China’s “Asian way” is an all-embracing idea and a coded language to discredit other countries’ actions that are deemed harmful to China’s strategic interests, writes Hoang Thi Ha.
The “Asian way” has been a persistent theme in China’s messaging toward its Southeast Asian neighbours in the last decade. Foreign Minister Wang Yi recently restated it at the ASEAN Secretariat on 11 July 2022 as he called for “settling differences in the Asian way” to “blaze a new path of security that chooses dialogue over confrontation, partnerships over alliances, and win-win over zero-sum game”. What does the “Asian way” mean? Does it exist as an objective reality, or is it a Chinese discursive invention in its strategic contest with America to win over the region?
The “Asian way” started to gain salience in China’s strategic messaging in 2013. Then, Manila initiated the South China Sea arbitration case against Beijing. Wang then advised his ASEAN audience that “the most important experience” in ASEAN-China relations is “to stick to the ‘Asian way’ and the ‘ASEAN way’ and resolve the differences through friendly consultations and equal-footed [sic] dialogue”. In the Chinese construction, Asian neighbours do not bring each other to court because adjudication is deemed to be confrontational and adversarial. Yet, international law experts have debunked this myth by pointing out that Southeast Asian countries “have a positive track record of referring their disputes to the international legal process”.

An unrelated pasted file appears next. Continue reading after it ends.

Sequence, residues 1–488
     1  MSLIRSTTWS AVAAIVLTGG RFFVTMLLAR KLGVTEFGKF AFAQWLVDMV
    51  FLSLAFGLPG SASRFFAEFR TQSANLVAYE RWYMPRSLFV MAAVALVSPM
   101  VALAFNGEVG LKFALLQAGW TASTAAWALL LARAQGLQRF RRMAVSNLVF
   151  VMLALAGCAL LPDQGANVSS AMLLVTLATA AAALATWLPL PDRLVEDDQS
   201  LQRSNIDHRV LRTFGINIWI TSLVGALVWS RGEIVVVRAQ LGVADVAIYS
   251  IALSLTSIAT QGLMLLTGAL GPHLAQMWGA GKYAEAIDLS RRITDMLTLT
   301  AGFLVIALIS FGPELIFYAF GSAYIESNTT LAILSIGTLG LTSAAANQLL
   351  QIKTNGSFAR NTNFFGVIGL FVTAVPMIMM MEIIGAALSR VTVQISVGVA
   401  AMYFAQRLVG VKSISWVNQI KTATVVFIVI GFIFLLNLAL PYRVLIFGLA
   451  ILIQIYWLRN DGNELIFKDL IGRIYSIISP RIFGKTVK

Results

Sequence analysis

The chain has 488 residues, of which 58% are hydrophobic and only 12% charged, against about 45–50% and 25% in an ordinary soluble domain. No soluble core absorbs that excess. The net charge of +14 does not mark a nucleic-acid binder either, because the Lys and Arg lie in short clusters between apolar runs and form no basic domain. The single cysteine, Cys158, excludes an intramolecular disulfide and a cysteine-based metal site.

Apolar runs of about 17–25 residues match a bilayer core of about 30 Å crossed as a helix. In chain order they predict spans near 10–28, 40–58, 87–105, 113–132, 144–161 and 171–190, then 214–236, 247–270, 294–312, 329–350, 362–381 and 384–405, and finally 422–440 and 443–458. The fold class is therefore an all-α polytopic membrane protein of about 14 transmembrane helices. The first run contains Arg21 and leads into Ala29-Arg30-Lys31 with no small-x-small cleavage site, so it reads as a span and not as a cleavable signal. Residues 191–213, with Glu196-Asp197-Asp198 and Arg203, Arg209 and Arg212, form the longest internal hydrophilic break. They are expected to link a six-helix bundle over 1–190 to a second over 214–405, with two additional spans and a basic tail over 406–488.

China’s invocation of the “Asian way” seeks to discourage Southeast Asian claimant states in the South China Sea from seeking recourse to the dispute settlement system under the United Nations Convention on the Law of the Sea (UNCLOS). Beijing instead insists that the ongoing ASEAN-China negotiation on a code of conduct (COC) is more fitting for “Asian values” as they are based on “consultation”, “consensus”, and “equality”. Such an “equal footing” argument, however, stands on tenuous ground. China has been ramping up its military and para-military power in the South China Sea, jeopardising other claimant states’ maritime rights and interests. The idea of “negotiation, not arbitration” ensures that China can take advantage of its power asymmetry with the other claimants, rather than having to face them as legal equals before international law.
In recent years, China has sharpened the “Asian way” discourse as a contrast to US balance-of-power moves to counter Chinese influence in the Indo-Pacific. These include the strengthening of US alliances in Asia and the formation of minilateral arrangements such as the Quadrilateral Security Dialogue (Quad) and the Australia-United Kingdom-United States (AUKUS) trilateral security partnership. In China’s binary framing, the “Asian way” is “inclusive”, “harmonious”, and “dialogue-driven” whereas the “small circles” created by America and its allies are “exclusive”, “confrontational” and “Cold War mentality-driven”.
The obverse, however, is true. While praising the “Asian way” as being “inclusive”, the Chinese framing exhibits an exclusivist approach to security governance in Asia, emphasising the distinction between Asia and the West. This, in turn, highlights China’s position as a resident power while de-legitimising the presence of any other peer powers, particularly America. The “Asian way” is joined at the hip with President Xi Jinping’s 2014 call for “the people of Asia to run the affairs of Asia, solve the problems of Asia and uphold the security of Asia”. This exclusionary vision of the regional order was made starkly clear in Wang Yi’s speech at his 2021 special meeting with ASEAN foreign ministers. He called on ASEAN and China to “forge a cooperation circle featuring common development” and to adhere to “independence, self-reliance and self-strengthening”. Beijing’s parochial regionalism is in effect the inverse of ASEAN’s open regionalism which embraces all powers near and far.